Ancestry UK

St Vincent's Industrial School for Roman Catholic Boys, Dartford, Kent

the St Vincent's Industrial School for Roman Catholic Boys was opened in 1872 at Brunswick House, 124 Tanner's Hill, New Cross, south-east London. The building was an old house, with a wing added and a good playground. It was formally certified to begin operation on February 9th, 1872, with accommodation for 40 boys. Initially, Mr and Mrs Meany were appointed as superintendent and matron. From 1873, however, the School appears to have had a resident 'manager' in the shape of the Rev. S.A. Donnelly.

Considerable additions were quickly made to the buildings increasing its capacity to 80 places. Tailoring and shoemaking were provided as industrial training.

Former St Vincent's Industrial School, 124 Tanner's Hill, New Cross.

In 1876, Rev Donnelly resigned his post and the School was run by Brothers of the Order the Presentation from Cork, with Brother L.I. Keogh as manager.

In August, 1878, the School relocated to purpose-built premises at St Vincent's Lane (now Temple Hill Square), Dartford, where 200 boys could be accommodated. The new building was formally certified for use on July 31st, 1878. A chapel and school room were completed in 1880. The layout of the site is shown on the 1897 map below.

St Vincent's Industrial School site, c.1897.

Tailoring and shoe-making continued as before, and the 25 acres of land around the new house provided a good supply of gardening work for the boys. A junior class knitted and darned and carried out repairs. A School brass and reed band was established and the boys were regularly drilled. A new superintendent, the Rev. James Shanahan, took over in 1882.

Boys tending fruit trees at St Vincent's Industrial School, Dartford, early 1900s. © Peter Higginbotham

A report on the School in 1896 described the building as airy and well-lit, and heated throughout by pipes. There was a separate dormitory for the younger boys under the charge of a nurse. About 10 acres of the School's land were under cultivation with fruit, vegetables, a little grain, and roots, and the rest in grass. The stock consisted of 5 milk cows, 2 horses, a few pigs, and about 150 head of poultry. The usual allocation of boys to the various work tasks was as follows: gardeners, 27; tailors, 38; shoemakers, 42; carpenters, 6; painters, 6; laundry, 10; bakery, 4; kitchen, 7; stokers, 2; porters, 2. The band now numbered 28 members. One of the boys had an interest in photography which was said to be 'indulged to the utmost.' There was a good asphalted playground. and also a good playing-field for cricket and football, used on Wednesdays and holidays. On Sundays, a country walk was taken. Good military and physical drills were given. There was a good covered playroom for use in bad weather, and as it was heated was especially useful for the winter. There was a library, and papers were freely allowed. Indoor games were also provided. Concerts and magic lantern entertainments were organised from time to time, particularly in the winter. Occasional excursions were made (three in the summer of 1896). Boys with decent enough homes were allowed leave of 3 or 4 days. Visiting day took place once a month. Boys exhibiting god conduct were designated as monitors, sergeants and corporals and received awards of 2d. to 6d. a month. The money was banked for them and could be drawn out by the boys at leisure. Book prizes were awarded once a year, and money rewards once a month, for proficiency in the school room.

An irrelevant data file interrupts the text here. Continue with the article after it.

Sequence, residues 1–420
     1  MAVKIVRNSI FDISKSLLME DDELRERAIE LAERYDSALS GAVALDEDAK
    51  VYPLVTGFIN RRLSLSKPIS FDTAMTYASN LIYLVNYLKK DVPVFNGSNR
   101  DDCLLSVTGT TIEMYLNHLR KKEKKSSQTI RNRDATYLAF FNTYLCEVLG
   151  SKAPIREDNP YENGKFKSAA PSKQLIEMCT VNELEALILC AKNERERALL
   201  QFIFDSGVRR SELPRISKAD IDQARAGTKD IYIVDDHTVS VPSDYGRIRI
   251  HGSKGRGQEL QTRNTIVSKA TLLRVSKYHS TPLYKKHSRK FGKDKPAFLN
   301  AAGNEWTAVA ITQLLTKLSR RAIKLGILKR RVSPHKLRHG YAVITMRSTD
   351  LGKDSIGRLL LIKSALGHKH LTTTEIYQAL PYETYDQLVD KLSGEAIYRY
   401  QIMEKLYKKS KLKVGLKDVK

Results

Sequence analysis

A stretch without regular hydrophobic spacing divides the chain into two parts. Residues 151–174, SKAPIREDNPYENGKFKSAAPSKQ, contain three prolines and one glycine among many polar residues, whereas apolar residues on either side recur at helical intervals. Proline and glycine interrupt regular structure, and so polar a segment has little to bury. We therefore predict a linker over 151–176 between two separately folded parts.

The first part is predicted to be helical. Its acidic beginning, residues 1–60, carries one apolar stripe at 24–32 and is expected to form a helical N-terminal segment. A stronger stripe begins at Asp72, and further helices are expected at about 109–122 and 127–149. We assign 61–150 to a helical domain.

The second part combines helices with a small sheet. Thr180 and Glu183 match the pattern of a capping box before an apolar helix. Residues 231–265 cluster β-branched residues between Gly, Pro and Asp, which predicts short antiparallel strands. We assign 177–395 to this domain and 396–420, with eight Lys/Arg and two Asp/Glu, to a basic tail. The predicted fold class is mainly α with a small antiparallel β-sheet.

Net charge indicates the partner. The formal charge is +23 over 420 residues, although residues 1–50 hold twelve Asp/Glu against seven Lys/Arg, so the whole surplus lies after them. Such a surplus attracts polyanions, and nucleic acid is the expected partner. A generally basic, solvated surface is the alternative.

On December 3rd, 1891, an Auxiliary Home for the School was opened at 81 Blackfriars Road, Lambeth. The provided supervised hostel accommodation for up to 45 for boys on licence who were endeavouring to find a livelihood for themselves. In 1893, an additional house at 83 Blackfriars Road was taken and fitted up with a reading room, and workshops for printing, book-binding, carpentry etc. There was also a gymnasium and a play-room, with baths and lavatory. The total accommodation was now 75 places. On April 17th, 1900, the Auxiliary Home transferred to 17 Westminster Bridge Road, Lambeth, where 53 boys could be accommodated. (From 1903, the address was given as 5 Westminster Bridge Road.) It was now described as being for boys from the St Vincent's School 'and others'. The Home was eventually closed on April 18th, 1913.

In 1899, a junior section of the School was opened at Whitstable and run by the Sisters of Mercy.

From 1899, Brother Louis was recorded as superintendent of the main School. He was succeeded by Brother De Sales on 1st July, 1907, with Brother Calasanctius (Rev. D.C. McSwiney) replacing him on 6th January, 1908. Brother Bruno then took charge on January 10th, 1911.

In 1933, St Vincent's became an Approved School, one of the new institutions introduced by the 1933 Children and Young Persons Act to replace the existing system of Reformatories and Industrial Schools. The School could then accommodate up to 120 Junior Boys, aged between their 10th and 13th birthdays at their date of admission. The headmaster in 1935 was Brother C. Dunstan Curtin. In 1956, Brother De Montfort O'Sullivan was head. The management of the School was now in the hands of the Southwark Catholic Children's Society.

In 1973, the School became a Community Home with Education (CHE) and run in conjunction with Lewisham London Borough Council. The Home is believed to have closed in the mid-1980s. The buildings no longer survive.


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  • Diagrama (formerly Cabrini), 49 Russell Hill Road, Purley, Surrey CR8 2XB. Cabrini holds records for children adopted through:
    • Cabrini Children's Society
    • Catholic Children's Society
    • Southwark Catholic Children's Society
    • Southwark Catholic Rescue Society
    • Portsmouth Diocesan Catholic Child Welfare Society



  • None noted at present.